Lenovo looks to India for smartphones and Google helps price out solar.
Here's your tech top 3 and what you need to know this week.
If you're wondering whether you should invest in solar energy, Google has an answer. Called Project Sunroof, users can enter their home address and the site gives information like how much sun the roof gets, how much the solar panels would cost to rent or own and how much money you might save. The tool currently works in the San Francisco Bay area, Fresno, California and the Boston area, but Google wants to expand it.
A US internet provider must pay the Federal Communications Commission 750,000 dollars for kicking users off their personal hotpspots and trying to force them to use its Wifi service. Smart City provides internet at hotels and convention centers and the FCC said at 5 venues across the US, the company sent coded messages to hotspots to terminate connections. It said Smart City stopped the practice after learning about the investigation.
China's struggling Lenovo is looking to neighboring India for smartphone growth. The company announced that it would for the first time build smartphones in India with a new facility that will churn out 6 million smartphones in the next seven months. The assembly unit in India has 1500 workers and the Moto-E low end handset is already rolling out from the factory.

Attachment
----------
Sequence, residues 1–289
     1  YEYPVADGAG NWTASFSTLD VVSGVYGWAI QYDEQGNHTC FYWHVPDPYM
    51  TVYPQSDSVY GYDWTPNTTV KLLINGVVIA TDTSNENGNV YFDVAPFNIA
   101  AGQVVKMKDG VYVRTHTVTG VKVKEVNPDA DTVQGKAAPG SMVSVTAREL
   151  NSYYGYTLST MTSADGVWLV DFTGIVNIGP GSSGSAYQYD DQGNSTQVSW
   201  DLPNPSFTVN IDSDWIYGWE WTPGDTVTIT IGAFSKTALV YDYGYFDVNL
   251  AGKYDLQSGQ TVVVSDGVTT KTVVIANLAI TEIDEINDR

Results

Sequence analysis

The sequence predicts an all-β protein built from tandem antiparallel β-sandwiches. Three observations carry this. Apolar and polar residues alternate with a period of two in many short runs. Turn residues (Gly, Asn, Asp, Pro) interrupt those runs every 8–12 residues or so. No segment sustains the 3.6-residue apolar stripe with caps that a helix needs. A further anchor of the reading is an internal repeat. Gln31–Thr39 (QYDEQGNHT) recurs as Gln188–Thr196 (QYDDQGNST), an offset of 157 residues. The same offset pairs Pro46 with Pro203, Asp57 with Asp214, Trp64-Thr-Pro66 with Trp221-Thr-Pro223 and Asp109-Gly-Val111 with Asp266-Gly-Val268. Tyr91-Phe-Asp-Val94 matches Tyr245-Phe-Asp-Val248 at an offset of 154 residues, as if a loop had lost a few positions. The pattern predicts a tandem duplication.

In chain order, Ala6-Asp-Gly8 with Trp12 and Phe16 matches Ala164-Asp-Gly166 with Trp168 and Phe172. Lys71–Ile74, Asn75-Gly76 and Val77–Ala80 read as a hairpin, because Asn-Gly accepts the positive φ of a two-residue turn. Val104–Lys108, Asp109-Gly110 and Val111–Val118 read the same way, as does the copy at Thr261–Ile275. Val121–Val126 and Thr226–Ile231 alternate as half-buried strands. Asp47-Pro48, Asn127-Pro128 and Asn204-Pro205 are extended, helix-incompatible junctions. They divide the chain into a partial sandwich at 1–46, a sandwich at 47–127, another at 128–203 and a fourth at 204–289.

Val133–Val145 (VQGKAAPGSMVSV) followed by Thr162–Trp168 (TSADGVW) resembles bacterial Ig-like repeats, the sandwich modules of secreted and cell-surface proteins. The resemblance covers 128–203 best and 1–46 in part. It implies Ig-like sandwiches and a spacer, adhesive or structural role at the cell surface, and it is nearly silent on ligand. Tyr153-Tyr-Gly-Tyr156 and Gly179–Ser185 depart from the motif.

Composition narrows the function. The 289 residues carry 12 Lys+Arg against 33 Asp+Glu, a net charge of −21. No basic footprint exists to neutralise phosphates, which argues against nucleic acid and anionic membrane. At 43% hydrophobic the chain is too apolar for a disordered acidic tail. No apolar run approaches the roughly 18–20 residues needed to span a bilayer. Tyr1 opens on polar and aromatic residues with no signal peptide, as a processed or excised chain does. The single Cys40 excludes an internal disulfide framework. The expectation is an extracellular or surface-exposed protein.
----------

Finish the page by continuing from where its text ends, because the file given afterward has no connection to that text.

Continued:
In focus this week we take a look at Intel Developer Forum in San Francisco. Typically it's a time where Intel touts its next generation processors and chips, but that wasn't the focus. As the PC market continues to decline, Intel's once ubiquitous chips aren't such anymore. So the company pivoted at IDF to more exciting technologies like its Real Sense depth sensing cameras. Its three lenses which include a 2D camera, infrared laser and infrared camera let computers see. Intel showed how the cameras can integrate into more than just PCs and tablets and the company is trying to entice makers to use them. It's being used in a robot bellhop that will deliver drinks to your hotel room. Intel did talk about Curie, it's tiny SOC for wearables that will come to select hardware makers in Q4. Intel showed how you can track the speed and position of a BMX bike that apparently had Curie chips on its handlebars and seat. It also released some new SDKs, including one called Identity IQ, which can authenticate a wearer's identity. Strangely enough, Intel is producing a reality show called America's Greatest Makers. It's about inventors creating gadgets with the Curie chip with the winner getting a million dollars.